Prohibited

    Pets

    Pets and domestic animals (other than certified assistance animals) are not permitted. Find out which regional parks allow dog walking and see the pets in parks policy for more information.

    Smoking

    NSW national parks are no smoking areas.

    Nearby towns

    Braidwood (22 km)

    Braidwood was the first town to be listed on the NSW State Heritage register. Today, you can tour the town on a self-guided heritage walk and see dozens of impressive historic buildings dating from the gold-rush days.

    www.visitnsw.com

    Batemans Bay (31 km)

    Batemans Bay is a bustling coastal town with majestic seascapes. It's located on the estuary of the Clyde River.

    www.visitnsw.com

    Moruya (57 km)

    Moruya is a historic dairy town on the Moruya River surrounded by dairy pastures and rugged national parks.

    www.visitnsw.com

    Learn more

    Monga National Park is a special place. Here are just some of the reasons why:

    Unique plantlife

    Penance Grove walk, Monga National Park. Photo: Lucas Boyd

    Many of the plants you'll find in the cool, temperate rainforests of Monga are millions of years in the making. Related to the plants from the super continent Gondwana, they present a unique window to the past. The plumwood trees and soft tree ferns you see around Penance Grove are closely related to pollen fossils found in Antarctica. Some plumwood trees here have widths of up to four metres and are thought to be thousands of years old. Wander along the banks of Mongarlowe River and you'll also see the distinctive bright red flowers of the Monga waratah.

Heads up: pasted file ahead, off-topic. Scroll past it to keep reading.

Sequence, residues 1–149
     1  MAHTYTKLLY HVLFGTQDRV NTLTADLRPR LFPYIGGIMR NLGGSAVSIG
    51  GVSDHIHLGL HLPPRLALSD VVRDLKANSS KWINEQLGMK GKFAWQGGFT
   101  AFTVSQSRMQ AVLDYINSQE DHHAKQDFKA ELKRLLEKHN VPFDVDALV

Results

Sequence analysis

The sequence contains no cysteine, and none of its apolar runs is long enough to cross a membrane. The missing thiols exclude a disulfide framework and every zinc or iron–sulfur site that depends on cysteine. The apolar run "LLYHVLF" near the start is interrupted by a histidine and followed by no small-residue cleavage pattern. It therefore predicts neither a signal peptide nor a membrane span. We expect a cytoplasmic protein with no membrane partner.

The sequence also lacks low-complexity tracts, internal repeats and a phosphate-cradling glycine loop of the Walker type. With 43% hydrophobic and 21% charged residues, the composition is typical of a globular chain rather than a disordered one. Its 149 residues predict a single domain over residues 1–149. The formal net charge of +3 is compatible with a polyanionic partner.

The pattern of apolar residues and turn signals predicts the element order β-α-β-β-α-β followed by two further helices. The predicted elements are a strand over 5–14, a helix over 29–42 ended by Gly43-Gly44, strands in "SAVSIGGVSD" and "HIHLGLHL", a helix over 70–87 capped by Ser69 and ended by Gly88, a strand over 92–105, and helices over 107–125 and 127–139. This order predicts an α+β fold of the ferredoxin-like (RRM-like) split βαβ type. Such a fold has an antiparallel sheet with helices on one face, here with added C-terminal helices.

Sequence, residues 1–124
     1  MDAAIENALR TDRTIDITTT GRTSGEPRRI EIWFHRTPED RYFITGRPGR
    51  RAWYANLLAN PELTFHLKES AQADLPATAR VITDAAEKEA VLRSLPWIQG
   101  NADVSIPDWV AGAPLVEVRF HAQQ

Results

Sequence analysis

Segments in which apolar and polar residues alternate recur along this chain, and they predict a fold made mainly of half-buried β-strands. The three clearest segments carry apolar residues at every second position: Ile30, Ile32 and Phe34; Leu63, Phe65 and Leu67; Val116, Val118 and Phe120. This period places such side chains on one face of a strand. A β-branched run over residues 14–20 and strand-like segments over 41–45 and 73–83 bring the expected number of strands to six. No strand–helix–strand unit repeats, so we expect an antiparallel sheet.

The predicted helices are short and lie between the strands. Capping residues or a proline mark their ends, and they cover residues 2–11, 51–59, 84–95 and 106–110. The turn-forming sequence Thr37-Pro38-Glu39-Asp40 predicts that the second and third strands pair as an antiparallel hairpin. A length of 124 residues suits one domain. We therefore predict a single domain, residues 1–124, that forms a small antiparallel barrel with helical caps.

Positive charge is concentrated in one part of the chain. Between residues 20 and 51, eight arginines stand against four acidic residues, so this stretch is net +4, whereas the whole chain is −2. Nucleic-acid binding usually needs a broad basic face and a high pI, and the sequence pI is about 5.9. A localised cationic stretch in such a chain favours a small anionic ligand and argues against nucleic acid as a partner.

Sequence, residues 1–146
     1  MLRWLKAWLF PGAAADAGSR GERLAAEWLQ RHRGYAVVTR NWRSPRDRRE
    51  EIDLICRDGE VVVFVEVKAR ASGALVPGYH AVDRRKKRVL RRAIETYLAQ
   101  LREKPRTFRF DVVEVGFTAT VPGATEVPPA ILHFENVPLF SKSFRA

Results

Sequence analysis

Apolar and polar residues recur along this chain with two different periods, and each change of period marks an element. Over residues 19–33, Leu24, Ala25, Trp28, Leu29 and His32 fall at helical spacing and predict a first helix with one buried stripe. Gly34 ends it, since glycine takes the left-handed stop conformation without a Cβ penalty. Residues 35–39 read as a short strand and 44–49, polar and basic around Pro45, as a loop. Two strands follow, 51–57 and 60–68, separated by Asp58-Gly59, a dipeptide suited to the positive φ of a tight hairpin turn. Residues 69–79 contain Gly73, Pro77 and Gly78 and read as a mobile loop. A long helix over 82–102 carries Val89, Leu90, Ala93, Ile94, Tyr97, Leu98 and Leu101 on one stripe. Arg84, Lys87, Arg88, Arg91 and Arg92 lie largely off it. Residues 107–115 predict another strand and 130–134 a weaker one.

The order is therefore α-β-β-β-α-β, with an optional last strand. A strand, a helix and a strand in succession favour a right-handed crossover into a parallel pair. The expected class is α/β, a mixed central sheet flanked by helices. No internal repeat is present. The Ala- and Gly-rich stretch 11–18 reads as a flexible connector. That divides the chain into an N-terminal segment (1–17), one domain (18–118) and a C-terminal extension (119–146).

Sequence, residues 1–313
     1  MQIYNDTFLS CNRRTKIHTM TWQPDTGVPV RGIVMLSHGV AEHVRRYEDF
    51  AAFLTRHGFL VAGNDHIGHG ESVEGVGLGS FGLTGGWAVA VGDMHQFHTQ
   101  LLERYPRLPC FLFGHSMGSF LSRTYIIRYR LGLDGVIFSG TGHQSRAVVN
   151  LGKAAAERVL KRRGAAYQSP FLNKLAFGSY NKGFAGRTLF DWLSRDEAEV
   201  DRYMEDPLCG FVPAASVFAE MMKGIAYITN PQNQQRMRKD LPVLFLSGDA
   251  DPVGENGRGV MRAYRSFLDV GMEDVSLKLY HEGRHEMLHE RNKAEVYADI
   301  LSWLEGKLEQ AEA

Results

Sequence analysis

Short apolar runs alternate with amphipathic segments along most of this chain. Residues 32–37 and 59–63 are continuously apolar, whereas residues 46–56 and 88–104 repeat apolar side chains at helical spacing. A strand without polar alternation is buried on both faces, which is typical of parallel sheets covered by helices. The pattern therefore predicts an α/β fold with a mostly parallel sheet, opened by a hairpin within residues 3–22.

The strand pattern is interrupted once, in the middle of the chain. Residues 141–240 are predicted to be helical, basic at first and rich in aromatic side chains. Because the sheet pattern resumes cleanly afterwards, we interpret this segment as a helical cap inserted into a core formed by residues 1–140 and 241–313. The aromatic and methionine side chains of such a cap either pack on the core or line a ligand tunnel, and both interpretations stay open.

• Dasyurus picnic area Dasyurus picnic area is a tranquil spot to stop on your drive to the coast from Canberra or a great day trip from Batemans Bay or Braidwood.
    • Mongarlowe River picnic area Under the shade of eucalypt forest, this sheltered picnic site is an ideal place to start exploring Monga's rich habitats with easy strolls, swimming, and birdwatching.

    Aboriginal culture

    Mongarlowe River, Dasyurus picnic area, Monga National Park. Photo: Lucas Boyd

    For over 14,000 years, the Yuin and Walbunja people have lived around the valleys of Clyde, Deua and Buckenbowra rivers. Walkers and horse riders can walk in their footsteps on Corn Trail walking track, which was one of the trails used by Aboriginal people to travel between the coast and the tablelands. There are many Aboriginal cultural sites in the park where stone artefacts, fire beacons and old campsites have been found.

    A glimpse of trading history

    Mongarlowe River picnic area, Monga National Park. Photo: Lucas Boyd

    Monga National Park is significant for its natural wonders and its historic heritage. Corn Trail walking track, which is today enjoyed by bushwalkers and horse riders, was the first trade route between the Buckenbowra Valley farmlands near the coast and the early European settlements on the tablelands near Braidwood. Further settlement came to the area in the 1840s, with the establishment of the timber trade and gold mining. The sawmill at Monga provided timber for Braidwood and the establishment of Canberra in the 1900s, with logging continuing in the area until 1987.

    • Corn Trail walking track Corn Trail walking track is a historic trail for hikers and horse riders to traverse a wide variety of landscapes and follow in the footsteps of the past.

    Education resources (1)

    What we're doing

    Monga National Park has management strategies in place to protect and conserve the values of this park. Visit the OEH website for detailed park and fire management documents.

    Monga National Park hero. Photo: Lucas Boyd